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World first: highways SME Thermal Road Repairs gains PAS 2080 accreditation

Thermal Road Repairs, which manufactures and supplies low-carbon pothole repair technology, has become the first SME in the highways sector to gain PAS 2080 accreditation for its carbon management system. The accreditation, awarded in February 2024, is for Scopes 1, 2 and 3 carbon emissions, covering the company, processes and its supply chain.

Based in Crewe with 30 employees, Thermal Road Repairs’ flagship pothole and defect repair system emits 85% less carbon than traditional repair processes. The heaters at the heart of its process can be charged using biogas or electricity and are topped up by solar power via their in-built solar panels.

PAS 2080:2023 Carbon management in buildings and infrastructure is a standard that sets out how carbon emissions should be measured, recorded and reduced. To gain accreditation, a company must be independently audited with an initial assessment to flag up gaps and a final one conducted later. In Thermal Road Repair’s case, there were six months between the two audits.

Thermal Road Repairs managing director Aidan Conway explained why the company chose the PAS 2080 accreditation route. “We want to lead the industry in provable carbon reduction techniques. With so many carbon calculators available, we chose to look at a formal, audited, accredited process.”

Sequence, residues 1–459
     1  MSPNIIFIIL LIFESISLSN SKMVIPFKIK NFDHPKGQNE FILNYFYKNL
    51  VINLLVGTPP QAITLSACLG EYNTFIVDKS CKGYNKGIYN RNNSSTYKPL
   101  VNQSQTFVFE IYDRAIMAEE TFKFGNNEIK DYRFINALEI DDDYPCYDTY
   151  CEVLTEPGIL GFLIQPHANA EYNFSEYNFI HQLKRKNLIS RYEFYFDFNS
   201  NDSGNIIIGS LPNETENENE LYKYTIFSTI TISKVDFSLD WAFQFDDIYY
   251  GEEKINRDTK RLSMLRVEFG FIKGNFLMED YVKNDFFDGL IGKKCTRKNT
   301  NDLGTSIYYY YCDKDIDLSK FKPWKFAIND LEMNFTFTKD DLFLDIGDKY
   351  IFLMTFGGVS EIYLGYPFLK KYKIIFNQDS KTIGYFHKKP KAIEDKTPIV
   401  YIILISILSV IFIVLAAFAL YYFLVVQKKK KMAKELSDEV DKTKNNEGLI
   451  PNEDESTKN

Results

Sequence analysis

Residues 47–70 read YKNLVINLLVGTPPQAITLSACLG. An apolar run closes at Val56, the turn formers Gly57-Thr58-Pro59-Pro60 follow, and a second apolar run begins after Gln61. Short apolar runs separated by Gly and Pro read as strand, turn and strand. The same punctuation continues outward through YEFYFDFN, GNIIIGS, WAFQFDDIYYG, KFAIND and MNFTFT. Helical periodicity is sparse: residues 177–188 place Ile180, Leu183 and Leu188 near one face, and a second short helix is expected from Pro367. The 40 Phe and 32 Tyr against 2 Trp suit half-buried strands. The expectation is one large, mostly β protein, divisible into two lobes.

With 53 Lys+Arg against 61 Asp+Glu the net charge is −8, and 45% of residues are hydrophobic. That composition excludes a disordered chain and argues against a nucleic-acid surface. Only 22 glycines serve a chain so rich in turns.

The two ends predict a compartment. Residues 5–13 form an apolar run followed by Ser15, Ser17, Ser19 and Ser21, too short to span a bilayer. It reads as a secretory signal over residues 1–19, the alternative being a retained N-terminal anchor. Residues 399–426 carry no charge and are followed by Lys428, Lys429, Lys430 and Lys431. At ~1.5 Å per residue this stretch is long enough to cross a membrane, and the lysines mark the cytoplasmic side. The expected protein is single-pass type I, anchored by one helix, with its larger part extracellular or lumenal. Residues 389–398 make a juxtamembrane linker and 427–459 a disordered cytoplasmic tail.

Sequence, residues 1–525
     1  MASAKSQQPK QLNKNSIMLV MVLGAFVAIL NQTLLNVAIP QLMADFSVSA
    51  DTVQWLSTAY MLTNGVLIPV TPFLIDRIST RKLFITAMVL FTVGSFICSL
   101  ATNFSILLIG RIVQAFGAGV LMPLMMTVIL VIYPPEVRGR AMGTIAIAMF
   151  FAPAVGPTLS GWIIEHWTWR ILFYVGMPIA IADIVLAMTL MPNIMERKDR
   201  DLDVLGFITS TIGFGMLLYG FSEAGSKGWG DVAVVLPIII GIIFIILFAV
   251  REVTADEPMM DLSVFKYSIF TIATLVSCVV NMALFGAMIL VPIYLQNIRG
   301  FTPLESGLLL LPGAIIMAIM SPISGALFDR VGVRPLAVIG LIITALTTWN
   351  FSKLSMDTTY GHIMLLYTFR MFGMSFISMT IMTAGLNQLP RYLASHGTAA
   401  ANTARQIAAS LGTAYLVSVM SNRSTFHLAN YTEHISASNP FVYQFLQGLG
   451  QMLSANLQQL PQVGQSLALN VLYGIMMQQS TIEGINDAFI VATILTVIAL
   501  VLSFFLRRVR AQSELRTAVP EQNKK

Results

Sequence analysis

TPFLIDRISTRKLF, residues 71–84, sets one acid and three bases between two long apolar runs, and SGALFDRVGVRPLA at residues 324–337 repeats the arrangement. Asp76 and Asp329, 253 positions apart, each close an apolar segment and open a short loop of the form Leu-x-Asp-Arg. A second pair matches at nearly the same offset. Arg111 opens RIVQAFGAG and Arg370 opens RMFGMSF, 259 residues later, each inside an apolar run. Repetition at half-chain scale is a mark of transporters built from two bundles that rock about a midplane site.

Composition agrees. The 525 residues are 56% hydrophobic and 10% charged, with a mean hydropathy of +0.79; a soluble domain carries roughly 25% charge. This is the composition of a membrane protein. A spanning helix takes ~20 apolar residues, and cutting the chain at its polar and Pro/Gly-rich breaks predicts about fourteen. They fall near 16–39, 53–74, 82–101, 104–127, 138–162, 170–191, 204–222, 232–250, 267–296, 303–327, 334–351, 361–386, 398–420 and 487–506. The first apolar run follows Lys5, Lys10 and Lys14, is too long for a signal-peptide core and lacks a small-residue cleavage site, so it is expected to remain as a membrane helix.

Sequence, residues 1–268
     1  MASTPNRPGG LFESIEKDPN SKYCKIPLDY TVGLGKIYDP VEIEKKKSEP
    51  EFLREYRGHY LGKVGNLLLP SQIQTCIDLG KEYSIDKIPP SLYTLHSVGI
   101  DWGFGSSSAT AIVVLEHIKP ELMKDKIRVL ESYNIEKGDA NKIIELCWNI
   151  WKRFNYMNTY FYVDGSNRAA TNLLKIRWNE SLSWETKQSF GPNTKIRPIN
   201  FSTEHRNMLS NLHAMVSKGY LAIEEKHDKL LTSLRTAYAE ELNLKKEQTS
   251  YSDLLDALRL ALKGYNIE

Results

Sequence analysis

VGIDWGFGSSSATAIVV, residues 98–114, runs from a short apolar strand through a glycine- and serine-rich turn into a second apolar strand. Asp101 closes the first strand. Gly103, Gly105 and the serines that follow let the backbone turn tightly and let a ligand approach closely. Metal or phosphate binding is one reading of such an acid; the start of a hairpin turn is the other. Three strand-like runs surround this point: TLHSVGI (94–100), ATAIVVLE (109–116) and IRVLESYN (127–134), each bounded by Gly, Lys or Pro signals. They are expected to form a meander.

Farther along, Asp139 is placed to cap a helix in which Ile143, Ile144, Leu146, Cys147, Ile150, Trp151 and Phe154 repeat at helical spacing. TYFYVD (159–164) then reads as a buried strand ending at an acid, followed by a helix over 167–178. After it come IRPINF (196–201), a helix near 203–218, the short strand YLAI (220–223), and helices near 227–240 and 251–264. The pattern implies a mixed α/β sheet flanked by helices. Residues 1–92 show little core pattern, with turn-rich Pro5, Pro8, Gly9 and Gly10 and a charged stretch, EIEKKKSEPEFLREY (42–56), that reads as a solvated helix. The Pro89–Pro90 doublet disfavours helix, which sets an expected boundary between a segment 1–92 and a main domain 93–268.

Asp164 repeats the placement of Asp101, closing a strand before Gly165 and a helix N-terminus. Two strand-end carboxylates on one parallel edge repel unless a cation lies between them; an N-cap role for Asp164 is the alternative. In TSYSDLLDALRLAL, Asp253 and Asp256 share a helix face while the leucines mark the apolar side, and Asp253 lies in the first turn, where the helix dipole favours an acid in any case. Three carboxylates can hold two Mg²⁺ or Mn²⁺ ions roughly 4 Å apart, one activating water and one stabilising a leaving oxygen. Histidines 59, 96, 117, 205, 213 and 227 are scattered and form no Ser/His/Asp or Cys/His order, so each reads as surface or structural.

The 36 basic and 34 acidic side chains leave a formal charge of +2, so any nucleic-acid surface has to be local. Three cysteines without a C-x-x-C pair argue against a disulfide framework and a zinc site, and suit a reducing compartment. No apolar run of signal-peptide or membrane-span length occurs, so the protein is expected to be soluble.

National Highways requires all its large and medium-sized supply chain partners to achieve PAS 2080 accreditation by the end of 2025. It wants its SME suppliers to set up systems that align with PAS 2080, and to evidence that they do, but will not demand the formal accreditation.

Thermal Road Repairs began its journey to PAS 2080 accreditation in mid-2023, building on its existing written system for continual improvement of equipment aid process. Among the changes the company made to meet the PAS 2080 standard was to switch to renewable energy for its factory.

Conway has this to say about the PAS 2080 accreditation process: “For an SME, the largest part is documenting and formalising a system for the ethos of the company. My advice to other SMEs would be to read the standard and figure out where you can fit in. Often smaller impactful changes are sufficient, rather than larger expensive shifts in your business strategy.

Thermal Road Repairs’ system uses a computer-controlled thermal infrared heater, to heat up failed and failing material in and around a pothole. A small quantity of new asphalt is then added, mixed with the existing material and the area compacted. There is no need for the use of grinders or jack hammers and, because there is no cold joint, the repair is seamless which prevents the pothole from reforming.

The next step for Thermal Road Repairs will be to set a target date for achieving net zero carbon emissions. It is currently developing a state-of-the-art optimised solar array for its production facility. Other R&D work includes the use of new fuels and additives and trialling electricity generation using hydrogen.


Thermal Road Repairs: Decarbonising the asphalt repair industry

High output. Low emission. Zero waste. Permanent solution


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